Bannon was one of the strongest contrarian voices on the right who questioned traditional conservative dogma on free trade and immigration. His rise to prominence represented a raw, populist anger that was building within the Republican Party base. Bannon ended up leaving the Trump administration after the infamous Charlottesville rally. This left a massive void for populist voices within the Trump brain trust, which was never adequately filled with populist figures.

Most of the strong populist voices during the Trump era came from the outside. Conservative commentator Ann Coulter has been one of the leading figures trying to steer populist discourse in America.Although a harsh critic, Coulter did her best to hold President Trump accountable and watch his every move, especially personnel decisions that did not align with his America first vision. To the average pro-Trump individual, Coulter’s criticism may come off as abrasive, but it was and still is  necessary to have a viable nationalist movement.

As a reminder to her followers about how she knew that there were subversive elements in the Trump administration who wanted to gut the president’s America First agenda and pursue more traditional Republican policies, she tweeted about email correspondence she had with Bannon dating back to December 2, 2016. In light of the rapprochement between Bannon and Trump, Coulter called attention to how she warned the former White House adviser about some of the latter’s questionable staffing decisions during the early stages of his presidency.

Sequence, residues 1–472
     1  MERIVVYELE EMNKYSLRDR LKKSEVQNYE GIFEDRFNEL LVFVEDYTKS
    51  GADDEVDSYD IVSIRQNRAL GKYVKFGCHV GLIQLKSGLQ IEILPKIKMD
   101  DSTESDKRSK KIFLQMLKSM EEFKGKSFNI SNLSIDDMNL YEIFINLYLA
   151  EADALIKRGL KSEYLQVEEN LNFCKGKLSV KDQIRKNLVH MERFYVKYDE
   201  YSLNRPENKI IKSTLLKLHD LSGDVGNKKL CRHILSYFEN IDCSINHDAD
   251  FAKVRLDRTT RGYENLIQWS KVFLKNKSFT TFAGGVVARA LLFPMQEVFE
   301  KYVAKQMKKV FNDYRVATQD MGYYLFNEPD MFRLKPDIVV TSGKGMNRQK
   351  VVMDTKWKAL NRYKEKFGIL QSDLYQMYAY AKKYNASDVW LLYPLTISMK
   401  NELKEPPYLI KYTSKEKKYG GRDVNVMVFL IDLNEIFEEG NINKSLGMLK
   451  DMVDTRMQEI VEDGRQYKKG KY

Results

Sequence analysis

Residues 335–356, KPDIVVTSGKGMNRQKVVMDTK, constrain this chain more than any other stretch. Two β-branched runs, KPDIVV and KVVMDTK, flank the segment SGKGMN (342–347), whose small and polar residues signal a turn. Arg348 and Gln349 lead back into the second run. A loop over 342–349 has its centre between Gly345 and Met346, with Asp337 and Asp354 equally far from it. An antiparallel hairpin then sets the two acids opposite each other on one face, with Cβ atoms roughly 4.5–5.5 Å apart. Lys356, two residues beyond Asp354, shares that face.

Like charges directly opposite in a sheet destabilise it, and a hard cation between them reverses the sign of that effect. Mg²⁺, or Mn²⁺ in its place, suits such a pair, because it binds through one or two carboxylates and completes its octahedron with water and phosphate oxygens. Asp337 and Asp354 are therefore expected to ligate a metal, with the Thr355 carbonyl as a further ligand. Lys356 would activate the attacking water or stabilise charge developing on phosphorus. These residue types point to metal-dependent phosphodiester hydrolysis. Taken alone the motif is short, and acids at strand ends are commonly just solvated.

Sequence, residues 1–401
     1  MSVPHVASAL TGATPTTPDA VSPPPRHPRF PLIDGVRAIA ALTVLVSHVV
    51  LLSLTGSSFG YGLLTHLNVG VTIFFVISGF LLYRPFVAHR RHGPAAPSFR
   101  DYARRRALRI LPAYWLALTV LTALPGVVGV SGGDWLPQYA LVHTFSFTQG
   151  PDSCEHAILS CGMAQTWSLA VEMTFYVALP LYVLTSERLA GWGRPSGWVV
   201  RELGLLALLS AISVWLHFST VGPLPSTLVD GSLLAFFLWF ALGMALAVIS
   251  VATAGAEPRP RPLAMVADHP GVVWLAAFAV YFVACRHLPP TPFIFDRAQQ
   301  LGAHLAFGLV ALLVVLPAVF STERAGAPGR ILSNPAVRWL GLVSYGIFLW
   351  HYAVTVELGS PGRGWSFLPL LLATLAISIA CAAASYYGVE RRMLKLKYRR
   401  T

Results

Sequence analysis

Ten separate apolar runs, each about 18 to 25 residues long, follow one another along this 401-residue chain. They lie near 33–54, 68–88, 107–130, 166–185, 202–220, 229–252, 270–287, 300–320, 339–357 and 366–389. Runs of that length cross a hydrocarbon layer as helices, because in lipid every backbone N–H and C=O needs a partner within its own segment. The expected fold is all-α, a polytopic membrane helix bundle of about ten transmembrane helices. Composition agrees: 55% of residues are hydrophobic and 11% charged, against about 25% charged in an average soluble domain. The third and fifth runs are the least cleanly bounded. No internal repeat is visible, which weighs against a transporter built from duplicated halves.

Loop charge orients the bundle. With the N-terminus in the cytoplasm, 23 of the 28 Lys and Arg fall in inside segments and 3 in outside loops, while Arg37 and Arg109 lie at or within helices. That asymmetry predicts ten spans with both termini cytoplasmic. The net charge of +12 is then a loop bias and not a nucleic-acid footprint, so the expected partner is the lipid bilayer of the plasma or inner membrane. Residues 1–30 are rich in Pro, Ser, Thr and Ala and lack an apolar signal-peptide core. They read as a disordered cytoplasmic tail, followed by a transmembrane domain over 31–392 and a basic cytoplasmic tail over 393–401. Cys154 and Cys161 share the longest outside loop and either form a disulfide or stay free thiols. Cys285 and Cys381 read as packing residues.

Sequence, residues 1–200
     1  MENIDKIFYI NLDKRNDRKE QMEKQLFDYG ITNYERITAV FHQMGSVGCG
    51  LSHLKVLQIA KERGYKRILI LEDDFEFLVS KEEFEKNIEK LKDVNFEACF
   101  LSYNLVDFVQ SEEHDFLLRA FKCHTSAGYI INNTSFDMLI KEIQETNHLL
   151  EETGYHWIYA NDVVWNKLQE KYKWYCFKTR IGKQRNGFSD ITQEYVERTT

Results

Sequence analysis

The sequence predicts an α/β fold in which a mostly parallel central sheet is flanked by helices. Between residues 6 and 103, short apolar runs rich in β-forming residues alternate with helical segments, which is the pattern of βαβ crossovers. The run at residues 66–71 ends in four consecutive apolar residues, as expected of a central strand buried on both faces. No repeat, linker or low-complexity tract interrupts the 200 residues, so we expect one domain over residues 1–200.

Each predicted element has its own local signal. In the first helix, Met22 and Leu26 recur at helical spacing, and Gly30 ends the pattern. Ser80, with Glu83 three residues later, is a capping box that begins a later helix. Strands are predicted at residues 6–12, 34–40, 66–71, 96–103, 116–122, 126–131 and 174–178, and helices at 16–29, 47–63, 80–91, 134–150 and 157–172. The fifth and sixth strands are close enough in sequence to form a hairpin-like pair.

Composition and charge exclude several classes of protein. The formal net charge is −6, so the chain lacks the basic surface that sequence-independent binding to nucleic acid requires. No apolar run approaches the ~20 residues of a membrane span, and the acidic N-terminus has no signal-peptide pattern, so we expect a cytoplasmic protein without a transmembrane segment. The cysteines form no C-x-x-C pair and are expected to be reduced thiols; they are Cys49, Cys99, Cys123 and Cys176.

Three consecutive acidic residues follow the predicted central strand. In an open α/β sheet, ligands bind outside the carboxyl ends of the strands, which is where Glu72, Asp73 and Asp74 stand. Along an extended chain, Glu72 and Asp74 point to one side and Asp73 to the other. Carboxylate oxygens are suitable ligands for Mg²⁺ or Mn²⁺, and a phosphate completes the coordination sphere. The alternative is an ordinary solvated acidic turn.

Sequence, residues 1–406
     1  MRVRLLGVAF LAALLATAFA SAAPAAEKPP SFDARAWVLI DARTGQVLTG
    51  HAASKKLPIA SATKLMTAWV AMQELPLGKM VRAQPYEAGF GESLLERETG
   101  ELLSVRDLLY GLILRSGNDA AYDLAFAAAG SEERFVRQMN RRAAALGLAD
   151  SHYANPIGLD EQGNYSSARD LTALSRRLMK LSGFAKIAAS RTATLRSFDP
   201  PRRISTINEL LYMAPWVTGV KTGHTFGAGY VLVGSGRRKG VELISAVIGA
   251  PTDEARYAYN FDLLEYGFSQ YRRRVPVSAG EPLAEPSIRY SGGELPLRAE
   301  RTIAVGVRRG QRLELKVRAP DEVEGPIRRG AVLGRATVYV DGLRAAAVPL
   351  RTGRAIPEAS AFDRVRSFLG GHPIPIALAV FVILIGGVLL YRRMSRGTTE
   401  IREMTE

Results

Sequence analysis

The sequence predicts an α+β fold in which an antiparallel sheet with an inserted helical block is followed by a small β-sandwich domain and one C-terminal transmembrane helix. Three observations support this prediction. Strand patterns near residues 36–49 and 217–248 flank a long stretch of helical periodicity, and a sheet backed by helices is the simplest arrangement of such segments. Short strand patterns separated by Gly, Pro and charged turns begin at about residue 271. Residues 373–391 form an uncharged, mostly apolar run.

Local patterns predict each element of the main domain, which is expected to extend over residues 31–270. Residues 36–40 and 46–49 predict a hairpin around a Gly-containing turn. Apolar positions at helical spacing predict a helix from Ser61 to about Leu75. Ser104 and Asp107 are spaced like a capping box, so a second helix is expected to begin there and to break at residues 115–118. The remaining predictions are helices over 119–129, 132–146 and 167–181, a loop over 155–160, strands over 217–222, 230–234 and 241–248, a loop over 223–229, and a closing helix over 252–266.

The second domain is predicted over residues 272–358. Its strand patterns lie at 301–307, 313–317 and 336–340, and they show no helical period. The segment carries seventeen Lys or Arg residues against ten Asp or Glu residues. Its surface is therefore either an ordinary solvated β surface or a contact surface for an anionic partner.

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Coulter tweeted, “No, actually, I knew Trump was betraying us pretty early on – and that it would cost him re-election. My December 2, 2016 email to Steve Bannon:”

In an email sent on December 2, 2016 with a subject line titled “ghost of christmas future”, Coulter warned then-White House adviser Bannon about some of Trump’s hiring decisions.

She first noted that “the fact that Trump is even CONSIDERING rep. Mccaul (rubio in the house) for homeland — and is NOT considering kobach— tells me we’re not getting any major deportations, no removal of refugees, no e-verify, no end to end anchor babies… and trump will be dead.

also, “mad dog” isn’t going to build a wall.”

She was referring to Texas Congressman Michael McCaul, a known mass migration booster and a potential nominee for the head of the Department of Homeland Security. United States Marine Corps General James Matthis would be Trump’s first Secretary of Defense, who ended up turning out to be a Deep State hack. On the other hand, Kris Kobach is a nationally recognized immigration hawk, who gained fame for implementing some of the stiffest voter ID standards in the nation during his time as Secretary of State.

The Trump administration was successful in implementing several administrative changes that limited immigration and also did not get involved in any nation-building engagements like previous administrations.

Nevertheless, Coulter’s incisive suggestions still have use for future Republican administrations. The new GOP should follow Coulter’s pro-migration restriction suggestions if it wants to not only remain politically relevant, but also protect the integrity of America’s political system.